Pain: only part of your story, not your whole story

Hey guys! I want to introduce you to a wonderful friend of mine, Clare Mulherin. She is one of my oldest friends in life. Sometimes you grow up with a person, notice their growth, but not their pain. She radiates so much light into the world, even with the hurt in her past. This blog is about her story... not the whole story, just the beginning :)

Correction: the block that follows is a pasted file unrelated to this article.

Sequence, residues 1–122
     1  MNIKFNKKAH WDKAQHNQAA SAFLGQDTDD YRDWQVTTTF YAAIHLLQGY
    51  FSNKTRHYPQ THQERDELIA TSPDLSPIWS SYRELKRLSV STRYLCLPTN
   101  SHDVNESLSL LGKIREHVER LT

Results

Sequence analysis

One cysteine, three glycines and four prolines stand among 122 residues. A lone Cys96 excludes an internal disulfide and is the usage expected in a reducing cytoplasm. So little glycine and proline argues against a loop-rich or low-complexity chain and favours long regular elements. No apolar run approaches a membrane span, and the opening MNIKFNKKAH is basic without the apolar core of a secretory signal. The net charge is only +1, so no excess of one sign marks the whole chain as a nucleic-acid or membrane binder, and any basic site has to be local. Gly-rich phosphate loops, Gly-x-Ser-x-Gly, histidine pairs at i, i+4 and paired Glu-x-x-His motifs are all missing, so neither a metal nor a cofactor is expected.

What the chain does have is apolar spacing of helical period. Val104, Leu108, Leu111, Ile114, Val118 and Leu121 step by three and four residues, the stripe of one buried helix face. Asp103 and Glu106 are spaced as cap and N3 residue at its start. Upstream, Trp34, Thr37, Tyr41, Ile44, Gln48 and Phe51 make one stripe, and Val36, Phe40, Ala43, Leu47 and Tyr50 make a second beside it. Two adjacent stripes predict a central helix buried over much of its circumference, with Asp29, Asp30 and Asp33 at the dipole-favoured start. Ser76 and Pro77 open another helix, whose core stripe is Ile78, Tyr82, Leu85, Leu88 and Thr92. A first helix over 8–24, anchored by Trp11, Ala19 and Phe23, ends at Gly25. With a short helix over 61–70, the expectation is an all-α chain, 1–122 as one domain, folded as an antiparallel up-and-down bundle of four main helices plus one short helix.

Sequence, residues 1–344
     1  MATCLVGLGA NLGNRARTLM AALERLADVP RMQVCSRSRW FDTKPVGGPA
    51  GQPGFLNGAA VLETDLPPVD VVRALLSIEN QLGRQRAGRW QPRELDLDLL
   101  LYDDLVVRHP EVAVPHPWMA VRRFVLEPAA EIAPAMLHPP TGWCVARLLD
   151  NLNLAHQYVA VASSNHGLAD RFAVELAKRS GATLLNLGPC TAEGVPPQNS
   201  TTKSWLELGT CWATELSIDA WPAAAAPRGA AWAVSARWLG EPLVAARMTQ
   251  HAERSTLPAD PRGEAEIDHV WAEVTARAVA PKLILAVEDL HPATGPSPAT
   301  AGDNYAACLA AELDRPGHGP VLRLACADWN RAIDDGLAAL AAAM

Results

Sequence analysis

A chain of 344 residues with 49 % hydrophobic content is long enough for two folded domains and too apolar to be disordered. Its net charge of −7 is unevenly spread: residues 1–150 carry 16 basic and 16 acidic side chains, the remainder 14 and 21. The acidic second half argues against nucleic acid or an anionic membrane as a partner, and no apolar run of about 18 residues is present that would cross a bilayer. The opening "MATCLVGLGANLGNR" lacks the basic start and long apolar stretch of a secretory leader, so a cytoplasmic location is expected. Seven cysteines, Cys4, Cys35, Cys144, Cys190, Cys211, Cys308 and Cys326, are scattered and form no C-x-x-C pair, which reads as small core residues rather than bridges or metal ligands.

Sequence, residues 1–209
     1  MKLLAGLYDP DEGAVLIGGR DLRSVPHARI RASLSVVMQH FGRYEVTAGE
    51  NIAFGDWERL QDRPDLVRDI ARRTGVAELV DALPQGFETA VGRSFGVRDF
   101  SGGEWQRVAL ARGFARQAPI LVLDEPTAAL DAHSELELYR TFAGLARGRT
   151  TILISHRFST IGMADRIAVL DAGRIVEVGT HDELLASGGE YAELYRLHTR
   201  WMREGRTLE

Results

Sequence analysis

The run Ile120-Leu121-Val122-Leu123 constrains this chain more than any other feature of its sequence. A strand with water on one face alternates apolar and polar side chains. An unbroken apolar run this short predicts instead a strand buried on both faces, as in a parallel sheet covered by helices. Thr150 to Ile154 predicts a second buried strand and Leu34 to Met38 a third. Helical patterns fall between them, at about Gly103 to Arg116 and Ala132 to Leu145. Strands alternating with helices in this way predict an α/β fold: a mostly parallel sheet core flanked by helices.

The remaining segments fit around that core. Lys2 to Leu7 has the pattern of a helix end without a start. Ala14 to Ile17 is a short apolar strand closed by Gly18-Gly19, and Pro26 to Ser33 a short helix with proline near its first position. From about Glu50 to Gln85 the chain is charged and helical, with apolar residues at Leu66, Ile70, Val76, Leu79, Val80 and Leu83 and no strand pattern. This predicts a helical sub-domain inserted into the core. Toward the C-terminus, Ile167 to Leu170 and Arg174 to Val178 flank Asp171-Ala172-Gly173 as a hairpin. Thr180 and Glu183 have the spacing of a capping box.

Tattoos have become such an amazing and accepted thing in our world. I am so in love with the idea that you can document your art, other people's art, or a story on your body. Clare has two tattoos that tell a little bit of her story. We decided to photograph the process and talk a little bit about depression, so that maybe it can help someone in pain out there in the world.


Here's her story, completely in her words. You can see more photographs at the very end.